On August 20, 2012, President Barack Obama announced a “red line” that would cause the US to intervene in the Syrian civil war: the use of chemical or biological weapons.
We cannot have a situation where chemical or biological weapons are falling into the hands of the wrong people. We have been very clear to the Assad regime, but also to other players on the ground, that a red line for us is we start seeing a whole bunch of chemical weapons moving around or being utilized.
He reiterated this position on December 3, 2012:
The use of chemical weapons is and would be totally unacceptable. And if you make the tragic mistake of using these weapons, there will be consequences and you will be held accountable.
This position is an example of the Precautionary Principle, and perhaps ironically, it is similar to the one that motivated President George W. Bush to overthrow Saddam Hussein.
The Precautionary Principle was developed for a different purpose–environmental policy. Andrew Jordan and Timothy O’Riordan write that the core element of precautionary thinking is that “[r]isk avoidance should become an established decision norm when there is reasonable uncertainty regarding possible environmental damage or social deprivation arising out of a proposed course of action.” This notion can be applied to any decision problem in which a choice must be made without perfect information — in short, virtually every decision that people and governments make. While it is true that proponents of the Precautionary Principle hail almost universally from the political Left. the principle itself need not embrace any particular political philosophy.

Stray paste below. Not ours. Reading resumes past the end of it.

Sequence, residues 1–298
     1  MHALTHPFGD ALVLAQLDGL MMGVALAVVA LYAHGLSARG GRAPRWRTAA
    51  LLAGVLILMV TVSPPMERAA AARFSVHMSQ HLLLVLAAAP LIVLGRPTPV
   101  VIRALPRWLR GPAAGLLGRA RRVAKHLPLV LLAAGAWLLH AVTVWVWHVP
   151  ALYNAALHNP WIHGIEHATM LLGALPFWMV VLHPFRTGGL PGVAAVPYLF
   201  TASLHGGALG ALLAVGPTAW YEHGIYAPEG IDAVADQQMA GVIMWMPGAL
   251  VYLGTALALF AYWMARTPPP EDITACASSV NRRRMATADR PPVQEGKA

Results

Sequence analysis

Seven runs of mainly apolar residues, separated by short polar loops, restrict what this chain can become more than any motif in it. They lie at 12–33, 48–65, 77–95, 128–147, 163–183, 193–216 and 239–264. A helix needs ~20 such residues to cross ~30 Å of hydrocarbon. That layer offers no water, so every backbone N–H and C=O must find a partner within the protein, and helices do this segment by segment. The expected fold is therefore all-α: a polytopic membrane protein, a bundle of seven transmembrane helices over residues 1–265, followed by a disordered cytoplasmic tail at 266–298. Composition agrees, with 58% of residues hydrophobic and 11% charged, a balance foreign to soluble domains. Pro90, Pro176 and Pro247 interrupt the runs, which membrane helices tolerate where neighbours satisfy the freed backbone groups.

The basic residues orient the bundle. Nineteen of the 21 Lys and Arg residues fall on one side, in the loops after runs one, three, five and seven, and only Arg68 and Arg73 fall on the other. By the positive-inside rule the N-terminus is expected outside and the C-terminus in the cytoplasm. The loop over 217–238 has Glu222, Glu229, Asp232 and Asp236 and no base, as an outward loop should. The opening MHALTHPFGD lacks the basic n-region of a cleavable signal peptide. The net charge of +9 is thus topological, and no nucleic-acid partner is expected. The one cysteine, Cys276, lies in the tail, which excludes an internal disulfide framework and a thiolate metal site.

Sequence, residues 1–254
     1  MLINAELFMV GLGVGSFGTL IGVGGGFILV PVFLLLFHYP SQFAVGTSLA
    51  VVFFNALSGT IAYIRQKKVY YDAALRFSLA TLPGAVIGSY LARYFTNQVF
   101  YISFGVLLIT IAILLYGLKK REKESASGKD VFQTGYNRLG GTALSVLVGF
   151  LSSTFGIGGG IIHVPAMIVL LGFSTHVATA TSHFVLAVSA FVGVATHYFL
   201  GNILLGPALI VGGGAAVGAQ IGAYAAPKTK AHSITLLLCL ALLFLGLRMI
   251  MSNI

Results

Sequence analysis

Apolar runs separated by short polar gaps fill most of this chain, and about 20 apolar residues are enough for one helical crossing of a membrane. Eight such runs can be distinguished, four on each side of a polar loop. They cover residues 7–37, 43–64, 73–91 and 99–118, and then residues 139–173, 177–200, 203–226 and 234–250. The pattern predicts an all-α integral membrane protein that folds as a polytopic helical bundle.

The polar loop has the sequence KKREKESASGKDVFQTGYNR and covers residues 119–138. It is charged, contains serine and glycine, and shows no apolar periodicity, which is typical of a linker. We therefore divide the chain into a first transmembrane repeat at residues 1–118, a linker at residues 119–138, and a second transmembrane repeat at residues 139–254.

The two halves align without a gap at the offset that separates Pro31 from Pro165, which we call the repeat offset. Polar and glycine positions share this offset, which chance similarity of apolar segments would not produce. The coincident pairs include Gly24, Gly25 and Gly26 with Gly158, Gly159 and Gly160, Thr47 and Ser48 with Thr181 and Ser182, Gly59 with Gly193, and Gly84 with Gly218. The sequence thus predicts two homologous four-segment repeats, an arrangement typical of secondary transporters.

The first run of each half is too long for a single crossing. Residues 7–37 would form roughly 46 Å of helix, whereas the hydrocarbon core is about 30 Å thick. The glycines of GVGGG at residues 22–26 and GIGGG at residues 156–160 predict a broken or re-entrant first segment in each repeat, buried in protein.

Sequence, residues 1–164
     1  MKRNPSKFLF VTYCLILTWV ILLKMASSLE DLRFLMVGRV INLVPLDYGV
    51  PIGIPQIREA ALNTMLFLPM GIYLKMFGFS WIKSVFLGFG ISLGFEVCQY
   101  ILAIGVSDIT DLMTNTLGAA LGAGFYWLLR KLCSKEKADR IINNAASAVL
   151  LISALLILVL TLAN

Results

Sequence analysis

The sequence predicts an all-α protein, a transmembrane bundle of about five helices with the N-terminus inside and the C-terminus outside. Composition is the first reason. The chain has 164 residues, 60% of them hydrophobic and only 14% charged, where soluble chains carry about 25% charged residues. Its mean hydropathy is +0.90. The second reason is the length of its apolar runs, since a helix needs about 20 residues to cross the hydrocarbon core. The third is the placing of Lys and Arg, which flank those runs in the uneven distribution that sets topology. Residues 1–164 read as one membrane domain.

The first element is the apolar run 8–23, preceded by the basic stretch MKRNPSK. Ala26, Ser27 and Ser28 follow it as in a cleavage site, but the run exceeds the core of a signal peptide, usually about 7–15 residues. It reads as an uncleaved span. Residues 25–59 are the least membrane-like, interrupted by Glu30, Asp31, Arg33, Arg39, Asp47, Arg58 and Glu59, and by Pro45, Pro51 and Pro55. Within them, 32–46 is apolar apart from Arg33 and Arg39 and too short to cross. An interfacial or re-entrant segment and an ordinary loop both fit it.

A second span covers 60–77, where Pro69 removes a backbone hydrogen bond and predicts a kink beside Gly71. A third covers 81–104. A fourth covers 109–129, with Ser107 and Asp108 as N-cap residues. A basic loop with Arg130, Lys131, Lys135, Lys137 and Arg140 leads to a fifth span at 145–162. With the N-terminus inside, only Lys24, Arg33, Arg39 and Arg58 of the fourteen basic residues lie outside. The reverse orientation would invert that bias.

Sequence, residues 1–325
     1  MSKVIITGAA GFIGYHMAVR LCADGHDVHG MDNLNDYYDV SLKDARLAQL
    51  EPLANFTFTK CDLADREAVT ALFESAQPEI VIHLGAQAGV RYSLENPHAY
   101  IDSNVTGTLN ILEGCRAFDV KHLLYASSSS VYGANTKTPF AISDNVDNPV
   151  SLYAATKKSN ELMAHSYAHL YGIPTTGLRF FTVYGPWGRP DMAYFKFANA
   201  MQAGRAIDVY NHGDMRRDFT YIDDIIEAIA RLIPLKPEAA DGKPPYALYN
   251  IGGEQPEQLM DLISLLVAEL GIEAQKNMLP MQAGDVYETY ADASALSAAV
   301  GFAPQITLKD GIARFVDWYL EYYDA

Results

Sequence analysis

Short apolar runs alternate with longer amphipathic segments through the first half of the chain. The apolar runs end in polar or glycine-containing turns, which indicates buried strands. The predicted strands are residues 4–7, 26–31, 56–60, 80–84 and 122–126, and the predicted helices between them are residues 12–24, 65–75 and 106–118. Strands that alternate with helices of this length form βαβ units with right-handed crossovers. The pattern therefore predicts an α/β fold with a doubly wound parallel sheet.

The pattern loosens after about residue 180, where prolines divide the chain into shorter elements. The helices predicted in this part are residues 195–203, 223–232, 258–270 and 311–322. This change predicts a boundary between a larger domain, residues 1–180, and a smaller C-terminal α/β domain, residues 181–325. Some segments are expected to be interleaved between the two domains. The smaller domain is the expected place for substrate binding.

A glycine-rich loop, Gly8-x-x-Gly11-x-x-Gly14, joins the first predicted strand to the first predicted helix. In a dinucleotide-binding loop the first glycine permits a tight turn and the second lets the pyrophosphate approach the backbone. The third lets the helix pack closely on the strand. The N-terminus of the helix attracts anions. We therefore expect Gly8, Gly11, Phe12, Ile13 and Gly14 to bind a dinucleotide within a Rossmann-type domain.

Jessica Stern (Harvard) and Jonathan Wiener (Duke) have written about the Iraq war as an example of how the Precautionary Principle can be the foundation for policies that most of its advocates would find reprehensible. That is, the overthrown of Saddam Hussein could be justified because of uncertainty concerning whether the Iraqi dictator possessed weapons of mass destruction (WMD) and whether these weapons could be used against the US and its allies. The potential harms posed by WMD were clearly substantial, if not incalculable, and despite numerous opportunities to reveal the absence of such weapons the Iraqi government refused to do so. Had it done so, President George W. Bush and UK Prime Minister Tony Blair would not have been able to justify overthrowing Saddam as an act of precaution. Ironically, the Iraqi government apparently thought that it was in its interest to cultivate uncertainty about its WMD capabilities and stockpiles.
Stern and Wiener point out that implementing the Precautionary Principle entails its own risks, most notably the creation of countervailing risks that, if they had been accounted for at the outset, might have been sufficient to decide differently even under the same decision rule. Of course, this is true about the Precautionary Principle generally, because its proponents, in whichever setting it is applied, tend to give much weight to the risks and costs they are most concerned about but little or no weight to risks and costs of concern to others. We can see this transparently in the writings of advocates of the Precautionary Principle in environmental policy who strenuously opposed its application to Iraq.